Cyprus Mail
Cyprus

Man who spent five days in dog shelter ‘sad to leave’

David Reid stayed in a dog cage (Christos Theodorides)

The man who spend four sleepless nights locked in a cage with 30 dogs said he was sad to leave the shelter on Friday morning.

Green Party leader Giorgos Perdikis visited Aradippou dog shelter early on Friday to watch dog trainer David Reid coming out after spending five days with the abandoned animals.

The first thing Reid did after leaving the shelter was eat a proper lunch following days of being fed pre-packaged military meals.

“I am a little tired but otherwise I am good,” the 60-year-old dog trainer told Cyprus Mail.

The activist’s aim was to work with the dogs’ fears and raise awareness.

However, during his mission, he was unable to get enough rest.

“You think you are going to sleep and then something happens,” he said. “With so many dogs barking, you don’t get a full hour of sleep.”

Reid mentioned how hard it was for him to walk away knowing he would leave the dogs in their ‘prison’.

“I will go back to work more on the dogs who still fear humans” he said but “those dogs need to be rehomed quickly.”

While he was there, Reid was also able to attend to a young female German shepherd who had just undergone operations after she was hit by a car. “She was curling up against me the whole night” he said.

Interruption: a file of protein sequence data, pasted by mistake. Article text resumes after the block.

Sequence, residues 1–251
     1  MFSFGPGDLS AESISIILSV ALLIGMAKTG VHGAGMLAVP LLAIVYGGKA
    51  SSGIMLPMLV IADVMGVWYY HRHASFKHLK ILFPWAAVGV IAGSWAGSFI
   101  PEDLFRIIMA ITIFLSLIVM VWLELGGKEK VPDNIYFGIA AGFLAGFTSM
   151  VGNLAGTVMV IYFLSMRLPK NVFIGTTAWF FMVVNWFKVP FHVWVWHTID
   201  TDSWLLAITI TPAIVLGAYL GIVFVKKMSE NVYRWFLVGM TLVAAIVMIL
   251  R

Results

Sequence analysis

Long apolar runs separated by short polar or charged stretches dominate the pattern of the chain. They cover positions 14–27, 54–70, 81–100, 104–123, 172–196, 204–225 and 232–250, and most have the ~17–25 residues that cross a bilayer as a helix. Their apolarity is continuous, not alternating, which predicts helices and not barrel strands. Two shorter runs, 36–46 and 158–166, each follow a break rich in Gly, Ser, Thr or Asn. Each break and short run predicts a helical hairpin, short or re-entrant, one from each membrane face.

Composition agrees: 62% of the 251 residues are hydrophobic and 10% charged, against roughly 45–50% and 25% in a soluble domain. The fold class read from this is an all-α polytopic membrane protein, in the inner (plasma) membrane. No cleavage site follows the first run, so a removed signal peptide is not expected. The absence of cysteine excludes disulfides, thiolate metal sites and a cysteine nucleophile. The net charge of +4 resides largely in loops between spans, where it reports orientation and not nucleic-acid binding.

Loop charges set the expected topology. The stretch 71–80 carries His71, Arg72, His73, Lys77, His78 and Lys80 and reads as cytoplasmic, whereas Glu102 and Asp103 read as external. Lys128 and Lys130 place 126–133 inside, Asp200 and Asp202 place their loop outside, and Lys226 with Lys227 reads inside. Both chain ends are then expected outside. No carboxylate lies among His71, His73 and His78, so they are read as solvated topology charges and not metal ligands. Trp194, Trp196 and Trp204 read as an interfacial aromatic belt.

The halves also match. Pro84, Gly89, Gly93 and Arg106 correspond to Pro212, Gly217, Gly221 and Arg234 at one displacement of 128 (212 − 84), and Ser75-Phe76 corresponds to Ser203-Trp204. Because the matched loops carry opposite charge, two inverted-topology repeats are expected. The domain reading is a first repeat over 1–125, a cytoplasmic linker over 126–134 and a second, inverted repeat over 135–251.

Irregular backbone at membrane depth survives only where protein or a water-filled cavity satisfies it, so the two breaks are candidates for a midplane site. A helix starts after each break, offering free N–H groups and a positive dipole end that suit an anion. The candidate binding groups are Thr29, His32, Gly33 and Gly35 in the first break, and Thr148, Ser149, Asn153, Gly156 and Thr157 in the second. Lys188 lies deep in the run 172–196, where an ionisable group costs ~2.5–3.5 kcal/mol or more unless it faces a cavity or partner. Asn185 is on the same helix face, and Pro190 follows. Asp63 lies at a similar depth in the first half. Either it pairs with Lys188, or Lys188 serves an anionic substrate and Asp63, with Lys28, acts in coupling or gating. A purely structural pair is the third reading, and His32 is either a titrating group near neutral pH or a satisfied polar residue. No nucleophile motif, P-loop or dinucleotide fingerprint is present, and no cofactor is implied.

The German shepherd was brought into the shelter injured a couple of months ago and her owners are untraceable. Her treatment so far cost the shelter €800, Aradippou dog shelter’s founder Christos Karoullas told the Cyprus Mail.

There was an increased interest in the dogs following Reid’s project, with two dogs are already being set aside for adoption Karoullas said.

He also pleaded with people to stop throwing away their pets in the trash or in the fields because “they don’t end up in a luxury hotel.”

“We didn’t do it to expose Cyprus, these things happen everywhere” he said.

Elafi Animal Welfare awards Anna Georghallides also noted the universality of the project.

“This project showed how animals experience the same feelings as humans; boredom, excitement, fear… being in a shelter is like being in prison,” she said.

The footage of the project will be given to a producer who will prepare a short film about ten minutes long which will be broadcasted on Elafi’s website and in an official screening.

Reid’s adventure will not see the end yet, as he is already being trained with a cat rescuer in preparation to spend a night in a cat colony and raise awareness about stray cats.

Lots of new programmes are also underway according to Georghallides, along with a “take a dog for a day” project in collaboration with many local dog shelters and businesses.



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